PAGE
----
Taking a Micro-Perspective on the Global Challenge of Climate Change: The “Microenergy Systems” Research Focus at the Technische Universität Berlin

  • Jonas Van der StraetenEmail author
  • Kathrin Friederici
  • Sebastian Groh
Part of the Climate Change Management book series (CCM)


In the past, fuel-based economies have led the way in economic growth, resulting in emissions that are now understood to cause climate change, having a major impact on countries of the Global South. It has become clear that effective climate change mitigation and adaptation not only require restrictions on energy consumption in the industrialized world, but also a decoupling of economic development from greenhouse gas emissions in the South. But can developing countries take a less carbon-intensive path, even though its outcome is highly uncertain? In many scenarios for a sustainable future energy supply, decentralized solutions play a crucial role. Such solutions are often based on renewable energies and can help to avoid lock-in effects based on fuel intensive energy systems. However, they are characterized by various aspects that conventional research paradigms have given little attention to, until now. These research challenges are reflected in the concept of Microenergy Systems, which serves as a theoretical basis for the Research Focus and Ph.D. program at the Technische Universität in Berlin. It brings together academics from various disciplines to take a micro-perspective on the idea of decentralized energy supply. This chapter introduces and discusses the concept of Microenergy Systems. It summarizes the development of the relatively young research group—the experiences of engineers, social and political scientists, economists and planners partaking in joint research and education in the field of decentralized sustainable energy solutions. Furthermore it highlights the attempt to establish an international scientific community concerned with Microenergy Systems amongst academics who are scattered throughout different institutions and numerous universities worldwide.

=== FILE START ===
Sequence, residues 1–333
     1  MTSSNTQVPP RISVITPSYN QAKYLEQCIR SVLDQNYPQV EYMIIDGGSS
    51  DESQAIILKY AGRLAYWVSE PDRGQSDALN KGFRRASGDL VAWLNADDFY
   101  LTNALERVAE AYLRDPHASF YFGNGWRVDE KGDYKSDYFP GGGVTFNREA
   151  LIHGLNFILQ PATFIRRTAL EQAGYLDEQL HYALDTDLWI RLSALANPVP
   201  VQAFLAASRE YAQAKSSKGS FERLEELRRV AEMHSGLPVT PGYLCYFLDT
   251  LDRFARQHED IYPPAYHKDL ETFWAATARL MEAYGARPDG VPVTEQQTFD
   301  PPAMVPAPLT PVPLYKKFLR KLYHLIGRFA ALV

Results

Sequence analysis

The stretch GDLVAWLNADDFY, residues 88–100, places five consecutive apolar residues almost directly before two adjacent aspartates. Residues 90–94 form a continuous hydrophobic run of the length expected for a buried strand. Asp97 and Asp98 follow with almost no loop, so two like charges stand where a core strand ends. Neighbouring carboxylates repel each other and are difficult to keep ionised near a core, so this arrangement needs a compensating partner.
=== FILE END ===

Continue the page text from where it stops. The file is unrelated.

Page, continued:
Decentralized energy supply User perspective Transdisciplinary research Knowledge transfer Education 



The authors thank Prof. Dr. Dr. Martina Schäfer, Noara Kebir, Daniel Philipp, Ariane Krause, Bettina Barthel, Klara Lindner and Alexander Batteiger from the postgraduate program Microenergy Systems for their contributions to this chapter, Richard Kunert from Max Planck Institute for Psycholinguistics and Donders Institute for Brain, Cognition and Behaviour and Daniel Hinchliffe from Microenergy International GmbH in Berlin for their comments and corrections.


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Copyright information

© Springer International Publishing Switzerland 2014

Authors and Affiliations

  • Jonas Van der Straeten
    • 1
    Email author
  • Kathrin Friederici
    • 1
  • Sebastian Groh
    • 1
  1. 1.MES Research GroupTechnische Universität BerlinBerlinGermany

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